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Posted by on Jun 30, 2019 in Hodgkin's lymphoma | 0 comments

In a nutshell

This study evaluated the outcomes of pediatric patients with high-risk Hodgkin lymphoma (HL) after response-adapted treatment. This study concluded that PET scanning during treatment can help adapt further treatments and improve outcomes for these patients.

Some background

For most pediatric patients with HL, outcomes after intensive therapy have been positive. However, for high-risk patients, radiotherapy remains an important part of treatment. Chemotherapy agents are also needed, even though these are associated with long-term side effects. New strategies are needed for these high-risk patients.

Adapting additional treatments to how well patients respond to therapy early on can help. For patients who respond to chemotherapy, this can help reduce further unnecessary exposure. This helps reduce risks for long-term side effects. For patients who do not respond to chemotherapy, other regimens can be used to induce a better response. Whether this approach improves outcomes for pediatric patients with high-risk HL is unclear.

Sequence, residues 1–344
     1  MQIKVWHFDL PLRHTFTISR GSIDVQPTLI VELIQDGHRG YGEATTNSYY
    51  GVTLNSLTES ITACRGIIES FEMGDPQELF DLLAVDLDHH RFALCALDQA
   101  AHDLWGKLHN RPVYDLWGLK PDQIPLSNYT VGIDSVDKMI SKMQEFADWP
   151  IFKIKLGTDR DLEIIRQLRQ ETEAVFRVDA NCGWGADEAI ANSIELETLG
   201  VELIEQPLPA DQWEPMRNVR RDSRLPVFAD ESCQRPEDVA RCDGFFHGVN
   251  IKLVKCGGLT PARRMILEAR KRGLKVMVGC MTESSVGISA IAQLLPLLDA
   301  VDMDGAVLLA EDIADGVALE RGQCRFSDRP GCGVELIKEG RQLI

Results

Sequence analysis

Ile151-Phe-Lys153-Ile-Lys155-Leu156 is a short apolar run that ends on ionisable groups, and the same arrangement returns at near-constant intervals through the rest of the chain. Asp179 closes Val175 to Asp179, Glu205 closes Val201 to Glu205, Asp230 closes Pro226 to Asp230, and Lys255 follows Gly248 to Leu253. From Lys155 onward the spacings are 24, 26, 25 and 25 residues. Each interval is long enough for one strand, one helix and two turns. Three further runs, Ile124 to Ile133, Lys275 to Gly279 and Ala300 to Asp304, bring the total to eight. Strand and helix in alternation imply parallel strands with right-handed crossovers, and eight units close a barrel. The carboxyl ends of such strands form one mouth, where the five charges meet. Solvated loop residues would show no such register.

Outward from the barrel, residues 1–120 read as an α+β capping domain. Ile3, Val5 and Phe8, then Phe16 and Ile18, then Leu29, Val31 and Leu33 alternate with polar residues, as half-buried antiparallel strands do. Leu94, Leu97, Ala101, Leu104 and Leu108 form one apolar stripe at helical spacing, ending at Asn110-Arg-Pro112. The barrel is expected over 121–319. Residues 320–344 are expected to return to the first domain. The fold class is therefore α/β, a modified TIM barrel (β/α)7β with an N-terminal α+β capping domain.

Methods & findings

This study had 166 pediatric patients with high-risk HL. 43% of patients had stage 3 disease and 57% of patients had stage 4 disease. All patients first received two cycles of ABVE-PC (doxorubicin, bleomycin, vincristine, etoposide, prednisone, and cyclophosphamide) chemotherapy. Patients who responded to treatment then received two more cycles of this regimen, with or without radiotherapy. PET scanning was done during treatment to assess treatment response. Patients were followed-up for an average of 4.5 years.

Overall, 49% of patients had minimal to no signs of cancer after 2 cycles of treatment. 50% of patients had a complete disappearance of all signs of cancer. 50% of patients had tumor shrinkage or stable disease (neither tumor shrinkage nor growth).

76% of all patients (125) received radiotherapy. Of these, 60 patients had a complete disappearance of all signs of cancer. 65 patients had tumor shrinkage or stable disease.

Overall, 91.9% of patients were still alive 4 years later without the cancer coming back. At 5 years, this rate was 79.1%. 95% of all patients were still alive 5 years later.

24% of patients had seriously low white blood cell count with fever. Sore mouth or gums was also reported in 14% of patients.

The bottom line

This study concluded that using PET during treatment to gauge response can help adapt further treatments and improve outcomes for pediatric patients with high-risk HL. The authors suggest that patients who have residual cancer at the end of chemotherapy have a high risk for early relapse.

Published By :

British Journal of Haematology

Date :

Jun 10, 2019

Original Title :

Response-adapted therapy for the treatment of children with newly diagnosed high risk Hodgkin lymphoma (AHOD0831): a report from the Children’s Oncology Group.

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